The Canadian Association of Law Teachers is holding two online fora (in “roundtable” format) on law teaching and learning in the COVID context.
The COVID pandemic of 2020 has compelled law faculties to move to online teaching and prompted other major changes, such as modified evaluation schemes. What lessons can law teachers draw from these unprecedented shifts? What further needs are arising, and how should we be trying to meet those needs? What is likely to be the lasting impact? While we lament the circumstances, have we gained any valuable insights or perhaps discovered new approaches that are worth preserving?
The English version will take place on Tuesday, June 2, 2020 from 1PM to 3PM EDST.
The Canadian Association of Law Teachers regrets to announce that it has decided to cancel its conference, previously scheduled for June 1 to 3, 2020 at Western University. We have also decided that we will not participate in the proposed online version of the Congress 2020 meeting. For a variety of reasons, including solidarity with the position of the Black Canadian Studies Association, we do not think it is in the interests of CALT to proceed with an online version.
For more information, please visit the conference page.
The current COVID-19 (coronavirus) epidemic has evidently made plans for CALT’s annual conference, scheduled for June 1 to 3, 2020 at Western University, highly uncertain. At the moment, no decision has been made with regard to the cancellation or rescheduling of the conference. We are closely monitoring the situation, in cooperation with the Congress of Humanities and Social Sciences, and we hope to have more details soon. (See the latest updates on Congress’s response to the outbreak.)
For any questions relating to the conference, please write to email@example.com.
CALT calls for nominations for its three annual awards (deadline January 21, 2020):
- CALT Prize for Academic Excellence: honouring exceptional contributions to research and law teaching by a mid-career law professor at a Canadian university.
- CALT Scholarly Paper Award: for a scholarly paper that makes a substantial contribution to the legal literature, by a law professor in his or her first seven years of an academic appointment at a Canadian university.
- CALT Award for Scholarship of Teaching and Learning: for a paper by a law professor at a Canadian university investigating questions related to teaching and learning.
For full details, please visit the awards page.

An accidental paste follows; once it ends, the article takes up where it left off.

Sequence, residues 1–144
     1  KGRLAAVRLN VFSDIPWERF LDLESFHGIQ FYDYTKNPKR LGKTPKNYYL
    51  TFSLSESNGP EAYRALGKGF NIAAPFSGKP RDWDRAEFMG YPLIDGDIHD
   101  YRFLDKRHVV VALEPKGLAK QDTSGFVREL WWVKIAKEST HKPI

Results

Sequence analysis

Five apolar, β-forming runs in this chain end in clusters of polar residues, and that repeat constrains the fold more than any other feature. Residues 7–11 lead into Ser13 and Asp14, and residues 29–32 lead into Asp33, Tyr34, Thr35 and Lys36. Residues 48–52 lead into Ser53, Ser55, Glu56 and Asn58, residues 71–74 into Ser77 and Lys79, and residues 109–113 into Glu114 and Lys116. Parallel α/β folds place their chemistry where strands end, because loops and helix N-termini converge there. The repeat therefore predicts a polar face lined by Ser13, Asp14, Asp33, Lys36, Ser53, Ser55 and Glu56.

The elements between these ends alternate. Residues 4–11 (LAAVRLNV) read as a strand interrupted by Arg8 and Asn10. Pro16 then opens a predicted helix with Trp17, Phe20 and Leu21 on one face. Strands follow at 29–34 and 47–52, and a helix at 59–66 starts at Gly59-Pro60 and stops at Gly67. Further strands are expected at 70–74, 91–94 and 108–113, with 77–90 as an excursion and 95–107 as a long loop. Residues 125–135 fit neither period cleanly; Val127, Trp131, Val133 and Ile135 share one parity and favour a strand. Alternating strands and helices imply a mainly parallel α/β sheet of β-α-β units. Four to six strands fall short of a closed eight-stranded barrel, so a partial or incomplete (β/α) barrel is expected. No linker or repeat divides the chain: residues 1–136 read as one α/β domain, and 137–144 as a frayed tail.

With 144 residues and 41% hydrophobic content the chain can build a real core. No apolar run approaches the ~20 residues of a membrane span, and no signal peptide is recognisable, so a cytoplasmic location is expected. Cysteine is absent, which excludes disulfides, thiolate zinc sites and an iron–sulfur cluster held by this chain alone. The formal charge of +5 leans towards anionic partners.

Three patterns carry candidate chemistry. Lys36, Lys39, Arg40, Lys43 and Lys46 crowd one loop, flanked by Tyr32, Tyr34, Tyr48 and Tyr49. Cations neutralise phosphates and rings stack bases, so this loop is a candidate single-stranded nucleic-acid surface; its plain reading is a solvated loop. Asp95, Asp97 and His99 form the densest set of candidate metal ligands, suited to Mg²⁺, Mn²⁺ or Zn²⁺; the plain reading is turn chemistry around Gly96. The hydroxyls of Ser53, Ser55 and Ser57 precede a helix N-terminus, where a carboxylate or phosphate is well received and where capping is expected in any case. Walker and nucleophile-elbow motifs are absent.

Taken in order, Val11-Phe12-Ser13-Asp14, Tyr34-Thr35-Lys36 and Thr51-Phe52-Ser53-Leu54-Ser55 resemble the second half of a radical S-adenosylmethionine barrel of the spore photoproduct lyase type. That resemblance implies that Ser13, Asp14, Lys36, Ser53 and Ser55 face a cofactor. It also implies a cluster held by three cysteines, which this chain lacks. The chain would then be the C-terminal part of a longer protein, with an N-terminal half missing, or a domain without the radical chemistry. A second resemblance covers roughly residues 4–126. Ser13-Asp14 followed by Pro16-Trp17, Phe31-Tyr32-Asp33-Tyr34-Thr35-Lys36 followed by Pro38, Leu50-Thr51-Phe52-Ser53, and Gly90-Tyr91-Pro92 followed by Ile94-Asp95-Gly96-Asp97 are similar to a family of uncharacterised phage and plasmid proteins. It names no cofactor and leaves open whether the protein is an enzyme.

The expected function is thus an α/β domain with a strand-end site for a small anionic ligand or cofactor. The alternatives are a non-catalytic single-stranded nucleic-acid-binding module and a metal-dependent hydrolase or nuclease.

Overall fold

Call for Proposals
Canadian Association of Law Teachers Conference
1-3 June, 2020
We are pleased to release this Call for Proposals for the 2020 annual conference of the Canadian Association of Law Teachers, which is being held as part of the 2020 Congress of the Humanities and Social Sciences and includes an overlap day with the conference of the Canadian Law and Society Association. The program for the overlap day will be co-ordinated to encourage integrated participation.
For more information, please view the Call for Proposals page.
CALT Statement in Support of the Black Canadian Studies Association (BCSA) and Against Racial Profiling and All Forms of Anti-Black Racism
We, the Canadian Association of Law Teachers (CALT), express our full support for the Black Canadian Studies Association (BCSA) statement, issued on June 4, denouncing an incident of racial profiling and anti-Black racism against a Black graduate student member of BCSA during Congress 2019 at UBC.
As an association with many members engaged in equality and anti-discrimination research, education and advocacy on a daily basis, we condemn all forms of racial profiling, anti-Black racism and discrimination. We are deeply concerned about the apparent failure of Congress/Federation of Social Sciences and Humanities (FSSH) to appropriately respond to this incident. We should note that we are aware of numerous other incidents in which Black people and other racialized people are assumed not to belong in academic spaces, and are accused of theft. Despite the unfortunate regularity of such occurrences, this is an issue of extreme importance that calls for urgent action. We support the demands set out in the BCSA statement, which we reproduce below. We urge the FSSH to immediately address the BCSA demands and to give the highest priority to implementing measures to support and promote racial equality and inclusion at Congress that engages academic attendees, Congress staff and local partners, vendors and service providers.